Good intentions alone not enough for social enterprises

Good intentions alone not enough for social enterprises
Koh Seng Choon (front, centre), founder of Dignity Kitchen, a hawker training school at Kaki Bukit View for the disabled and disadvantaged.

SINGAPORE - He took his savings, money from a re-mortgaged property and his late mother's inheritance.

And he risked losing it all running his non-profit business.

Dignity Kitchen founder Koh Seng Choon pumped in $1 million to run his hawker training school for the disabled and disadvantaged. It posted just over $3,000 profit last year.

Mr Koh knows Mr Lionel Lye, whom The New Paper profiled on June 23. Mr Lye's team lost $1 million dollars running the social enterprise Kampung@Simpang Bedok.

Touted as Singapore's first private-run hawker centre, it folded last October, after opening in 2012.

Both men said they learned expensive lessons - like how doing good meant making bad mistakes.

Mr Koh, 55, said he made zero sales when trainees wore badges stating disabilities like "I am deaf" or "I am blind".

He had thought it would help customers understand why service would be slower, but people ended up avoiding the staff instead. Business picked up after they stopped wearing the badges.

Mr Koh, an engineer by training, said: "That's why many social enterprises wind up. I don't encourage everyone to do this. Don't go in blindly."

In 2009, about a third of the 73 social enterprises in a funding scheme failed.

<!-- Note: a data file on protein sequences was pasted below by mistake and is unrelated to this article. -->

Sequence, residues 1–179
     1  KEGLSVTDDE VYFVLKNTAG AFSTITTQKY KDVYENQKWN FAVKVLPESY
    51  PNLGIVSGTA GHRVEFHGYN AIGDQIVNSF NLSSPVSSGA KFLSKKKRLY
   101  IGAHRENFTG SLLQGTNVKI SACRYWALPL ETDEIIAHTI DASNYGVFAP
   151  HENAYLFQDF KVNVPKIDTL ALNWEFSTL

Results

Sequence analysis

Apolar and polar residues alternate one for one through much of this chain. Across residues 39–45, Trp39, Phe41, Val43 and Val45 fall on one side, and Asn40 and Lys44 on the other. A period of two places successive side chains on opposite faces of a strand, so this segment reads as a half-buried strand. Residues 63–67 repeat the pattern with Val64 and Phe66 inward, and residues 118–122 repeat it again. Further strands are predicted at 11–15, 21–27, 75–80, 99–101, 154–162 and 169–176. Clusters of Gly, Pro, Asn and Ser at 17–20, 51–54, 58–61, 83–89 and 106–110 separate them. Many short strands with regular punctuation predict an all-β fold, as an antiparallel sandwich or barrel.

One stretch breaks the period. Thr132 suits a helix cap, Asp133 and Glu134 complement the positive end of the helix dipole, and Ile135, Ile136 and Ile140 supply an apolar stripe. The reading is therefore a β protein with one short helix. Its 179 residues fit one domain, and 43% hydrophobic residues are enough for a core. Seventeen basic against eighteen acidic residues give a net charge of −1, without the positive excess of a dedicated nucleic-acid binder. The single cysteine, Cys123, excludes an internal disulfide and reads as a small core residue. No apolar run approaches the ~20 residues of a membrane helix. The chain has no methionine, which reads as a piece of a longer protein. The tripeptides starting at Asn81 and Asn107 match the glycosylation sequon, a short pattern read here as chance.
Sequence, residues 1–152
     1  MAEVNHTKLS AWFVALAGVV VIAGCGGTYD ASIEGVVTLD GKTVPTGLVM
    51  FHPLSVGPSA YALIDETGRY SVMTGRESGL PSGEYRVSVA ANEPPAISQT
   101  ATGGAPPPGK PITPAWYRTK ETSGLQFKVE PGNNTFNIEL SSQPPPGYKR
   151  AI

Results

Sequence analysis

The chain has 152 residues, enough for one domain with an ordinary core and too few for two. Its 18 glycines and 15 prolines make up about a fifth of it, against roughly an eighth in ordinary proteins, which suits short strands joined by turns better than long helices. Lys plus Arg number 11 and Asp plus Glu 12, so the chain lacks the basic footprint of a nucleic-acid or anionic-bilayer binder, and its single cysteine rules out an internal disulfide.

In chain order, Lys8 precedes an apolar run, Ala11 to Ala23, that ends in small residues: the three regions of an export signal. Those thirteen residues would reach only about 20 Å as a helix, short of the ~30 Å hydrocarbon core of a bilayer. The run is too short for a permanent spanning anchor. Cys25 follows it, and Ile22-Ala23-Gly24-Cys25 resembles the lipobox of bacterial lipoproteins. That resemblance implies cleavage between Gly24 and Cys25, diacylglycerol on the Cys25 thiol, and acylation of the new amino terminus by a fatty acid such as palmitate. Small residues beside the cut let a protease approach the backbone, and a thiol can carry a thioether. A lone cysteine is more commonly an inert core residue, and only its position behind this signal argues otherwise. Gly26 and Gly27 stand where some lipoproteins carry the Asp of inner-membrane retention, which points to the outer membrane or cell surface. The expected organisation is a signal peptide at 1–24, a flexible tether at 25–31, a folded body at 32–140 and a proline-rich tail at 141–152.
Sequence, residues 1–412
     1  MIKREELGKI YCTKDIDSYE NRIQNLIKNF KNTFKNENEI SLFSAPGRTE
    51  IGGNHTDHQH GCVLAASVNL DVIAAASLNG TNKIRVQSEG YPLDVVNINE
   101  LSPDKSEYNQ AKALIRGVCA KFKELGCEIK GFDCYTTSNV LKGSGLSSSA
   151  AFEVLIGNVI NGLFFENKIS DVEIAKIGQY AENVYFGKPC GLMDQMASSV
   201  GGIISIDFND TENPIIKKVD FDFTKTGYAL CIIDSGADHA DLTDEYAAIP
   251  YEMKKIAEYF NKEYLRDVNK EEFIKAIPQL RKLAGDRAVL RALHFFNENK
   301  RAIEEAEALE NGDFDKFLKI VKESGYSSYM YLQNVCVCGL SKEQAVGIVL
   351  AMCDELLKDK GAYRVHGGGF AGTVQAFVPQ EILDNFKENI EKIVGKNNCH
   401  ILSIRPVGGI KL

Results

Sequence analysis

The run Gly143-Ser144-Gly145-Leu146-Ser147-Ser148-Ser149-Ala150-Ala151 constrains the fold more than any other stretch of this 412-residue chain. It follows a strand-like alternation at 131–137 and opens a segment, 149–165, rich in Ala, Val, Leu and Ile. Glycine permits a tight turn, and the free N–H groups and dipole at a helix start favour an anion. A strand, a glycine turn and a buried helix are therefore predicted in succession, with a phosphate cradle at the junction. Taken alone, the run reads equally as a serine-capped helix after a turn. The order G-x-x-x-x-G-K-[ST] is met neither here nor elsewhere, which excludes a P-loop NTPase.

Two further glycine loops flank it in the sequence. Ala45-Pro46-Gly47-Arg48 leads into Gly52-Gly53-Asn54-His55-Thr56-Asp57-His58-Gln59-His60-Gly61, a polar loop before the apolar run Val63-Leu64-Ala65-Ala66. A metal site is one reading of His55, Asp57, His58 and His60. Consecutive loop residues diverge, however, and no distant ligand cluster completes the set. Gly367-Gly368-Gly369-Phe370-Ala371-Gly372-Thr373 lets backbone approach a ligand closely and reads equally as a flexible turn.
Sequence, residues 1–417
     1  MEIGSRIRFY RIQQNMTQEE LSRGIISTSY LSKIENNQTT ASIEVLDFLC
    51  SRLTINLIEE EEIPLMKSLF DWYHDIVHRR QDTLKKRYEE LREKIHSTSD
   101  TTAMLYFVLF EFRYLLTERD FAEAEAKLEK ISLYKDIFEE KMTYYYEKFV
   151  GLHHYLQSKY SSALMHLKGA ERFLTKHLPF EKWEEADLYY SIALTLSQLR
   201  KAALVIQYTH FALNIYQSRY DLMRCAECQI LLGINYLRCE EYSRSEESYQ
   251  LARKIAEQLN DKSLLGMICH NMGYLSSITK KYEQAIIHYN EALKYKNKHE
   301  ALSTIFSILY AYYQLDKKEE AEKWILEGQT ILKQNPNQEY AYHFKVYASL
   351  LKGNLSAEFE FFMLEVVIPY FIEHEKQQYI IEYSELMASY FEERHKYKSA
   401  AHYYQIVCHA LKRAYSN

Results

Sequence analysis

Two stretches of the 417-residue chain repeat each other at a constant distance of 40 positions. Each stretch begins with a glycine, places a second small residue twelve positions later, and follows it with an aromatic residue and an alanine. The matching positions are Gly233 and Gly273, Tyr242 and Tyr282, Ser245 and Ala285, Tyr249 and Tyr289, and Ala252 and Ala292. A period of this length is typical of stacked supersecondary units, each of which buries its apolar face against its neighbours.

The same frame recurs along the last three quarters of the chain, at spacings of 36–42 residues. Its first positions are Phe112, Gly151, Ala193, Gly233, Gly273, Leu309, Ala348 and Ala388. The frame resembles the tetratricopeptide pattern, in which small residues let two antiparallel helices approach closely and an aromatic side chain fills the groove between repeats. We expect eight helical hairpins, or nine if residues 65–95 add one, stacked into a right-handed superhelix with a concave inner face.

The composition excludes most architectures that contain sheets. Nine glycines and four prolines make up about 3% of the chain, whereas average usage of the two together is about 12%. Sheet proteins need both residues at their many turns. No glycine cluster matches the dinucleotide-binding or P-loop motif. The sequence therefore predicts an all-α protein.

Mr Koh hit on the concept after a polio victim, who wanted to be a chef, approached him.

Dignity Kitchen, which was conceived in 2006 and opened in 2010, initially lost about $1,000 a day.

He said: "People asked if I ever wanted to give up. My answer was yes, every single day - but I couldn't."

Too many people were depending on him.

Western food chain Eighteen Chefs' founder Benny Se Teo said: "It's normal to lose $15,000 a month. Not everybody can handle it." Mr Se Teo, a former drug addict, was broke, but he now offers franchises for $50,000. His is a rare success story.

There are about 400 social enterprises here, including 180 members under the Social Enterprise Association, estimated its executive director Alfie Othman.

He said: "The bulk of social enterprises here tend to hire a percentage of their manpower from the marginalised sector or offer products and services that address a market gap.

"Their success depends much on market forces, quality of products and services, and a good team."

Good intentions alone do not make for good business.

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